An easy variant to incorporate is giving players multiple aliens in the game, allowing them to take advantage of multiple powers. Below are just a few methods for employing multiple powers.
Planet Assignments - Place your alien cards next to each other, and then assign planets to each alien by placing them on the outside of the aliens. The planets to the left of your left alien are associated with that alien, and when you are on defense, you can only use that alien when those planets are attacked. The same is true for the planets on the right side of your right alien. You only lose control of an alien when you have lost all of it's assigned planets.
Example: Let's say I have the Mirror and the Clone as a pair of powers. I lay them next to each other (Clone on left, Mirror on right). During setup, I decide I like the Clone better if I only have one power, so I put 4 of my planets next to (left of) it, and one planet next to (right of) the Mirror. If I lose control of the one planet associated with the Mirror, then I lose control of that alien power. But if I lose control of the other 4 planets instead, I lose control of the Clone. Of course, you might make the rules a little closer to official by saying only 3 planets can be tied to any one alien power, but the point is that this could add some strategy to the planets being attacked, and make it less likely that a player loses all of their powers.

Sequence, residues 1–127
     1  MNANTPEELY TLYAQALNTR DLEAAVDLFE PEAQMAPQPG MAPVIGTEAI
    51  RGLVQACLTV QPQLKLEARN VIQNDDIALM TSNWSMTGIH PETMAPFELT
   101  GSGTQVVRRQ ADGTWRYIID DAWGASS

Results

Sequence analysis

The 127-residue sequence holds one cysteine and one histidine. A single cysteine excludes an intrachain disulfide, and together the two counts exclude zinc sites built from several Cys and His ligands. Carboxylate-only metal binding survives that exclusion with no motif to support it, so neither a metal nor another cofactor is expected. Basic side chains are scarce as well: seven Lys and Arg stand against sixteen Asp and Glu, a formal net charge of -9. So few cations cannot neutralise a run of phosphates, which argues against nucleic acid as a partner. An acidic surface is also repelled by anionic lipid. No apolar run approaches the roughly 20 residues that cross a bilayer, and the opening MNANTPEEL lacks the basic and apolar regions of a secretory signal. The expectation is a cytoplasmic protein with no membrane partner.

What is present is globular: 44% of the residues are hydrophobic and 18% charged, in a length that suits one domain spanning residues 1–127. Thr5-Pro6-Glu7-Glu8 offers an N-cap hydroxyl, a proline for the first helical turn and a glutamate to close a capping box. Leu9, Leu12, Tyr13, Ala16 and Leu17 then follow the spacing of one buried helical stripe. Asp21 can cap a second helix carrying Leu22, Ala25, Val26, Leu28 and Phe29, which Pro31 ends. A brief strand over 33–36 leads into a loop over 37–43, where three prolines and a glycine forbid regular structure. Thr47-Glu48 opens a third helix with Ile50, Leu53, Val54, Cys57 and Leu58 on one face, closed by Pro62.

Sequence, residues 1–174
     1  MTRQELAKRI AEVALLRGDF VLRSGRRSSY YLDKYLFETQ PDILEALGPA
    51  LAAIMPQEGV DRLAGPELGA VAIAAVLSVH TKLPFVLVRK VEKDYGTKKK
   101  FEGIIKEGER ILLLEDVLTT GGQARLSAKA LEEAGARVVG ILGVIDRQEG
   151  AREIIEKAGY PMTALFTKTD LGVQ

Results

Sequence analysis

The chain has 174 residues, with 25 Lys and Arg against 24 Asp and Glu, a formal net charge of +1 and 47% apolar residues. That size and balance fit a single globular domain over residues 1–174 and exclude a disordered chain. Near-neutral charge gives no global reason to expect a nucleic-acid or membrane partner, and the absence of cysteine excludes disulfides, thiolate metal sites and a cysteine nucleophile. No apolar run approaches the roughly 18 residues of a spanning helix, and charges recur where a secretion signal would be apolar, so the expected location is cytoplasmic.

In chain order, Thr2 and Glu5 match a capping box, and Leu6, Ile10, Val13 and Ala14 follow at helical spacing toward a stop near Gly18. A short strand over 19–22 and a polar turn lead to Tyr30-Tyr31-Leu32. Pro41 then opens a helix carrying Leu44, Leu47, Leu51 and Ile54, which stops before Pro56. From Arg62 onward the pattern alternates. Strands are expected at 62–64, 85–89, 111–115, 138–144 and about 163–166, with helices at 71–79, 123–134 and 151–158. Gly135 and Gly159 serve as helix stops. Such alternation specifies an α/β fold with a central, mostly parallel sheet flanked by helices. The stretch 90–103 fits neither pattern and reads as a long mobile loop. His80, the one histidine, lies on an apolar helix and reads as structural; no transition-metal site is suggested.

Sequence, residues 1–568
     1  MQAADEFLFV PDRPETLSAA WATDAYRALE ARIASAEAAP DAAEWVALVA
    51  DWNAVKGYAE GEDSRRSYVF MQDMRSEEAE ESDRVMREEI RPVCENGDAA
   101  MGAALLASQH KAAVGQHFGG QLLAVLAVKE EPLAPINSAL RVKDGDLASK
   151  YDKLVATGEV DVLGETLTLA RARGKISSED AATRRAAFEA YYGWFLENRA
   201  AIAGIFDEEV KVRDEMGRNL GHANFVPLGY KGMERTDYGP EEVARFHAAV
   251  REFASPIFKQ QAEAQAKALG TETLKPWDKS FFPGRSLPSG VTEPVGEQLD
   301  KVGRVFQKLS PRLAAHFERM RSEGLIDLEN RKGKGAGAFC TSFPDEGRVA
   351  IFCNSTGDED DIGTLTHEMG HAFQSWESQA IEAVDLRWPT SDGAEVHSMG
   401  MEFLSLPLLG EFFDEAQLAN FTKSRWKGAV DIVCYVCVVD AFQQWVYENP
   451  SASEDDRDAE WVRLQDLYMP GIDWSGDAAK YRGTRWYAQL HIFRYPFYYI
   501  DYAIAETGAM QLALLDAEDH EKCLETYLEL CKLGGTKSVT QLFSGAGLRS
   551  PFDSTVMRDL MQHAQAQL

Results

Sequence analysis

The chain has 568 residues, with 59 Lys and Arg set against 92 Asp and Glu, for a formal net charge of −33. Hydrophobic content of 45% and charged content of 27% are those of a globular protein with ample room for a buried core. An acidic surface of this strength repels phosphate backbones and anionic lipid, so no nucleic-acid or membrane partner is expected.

oooo|Clone | Mirror|o
Lose use of Clone:
xxxx|Clone | Mirror|o
Lose use of Mirror:
oooo|Clone | Mirror|x
Lose use of both:
xxxx|Clone | Mirror|x
In this setup, cards or powers that depended on the number of tokens on your home planets would count all the planets, not just the planets next to the power (otherwise, you screw up the design of the power or planet).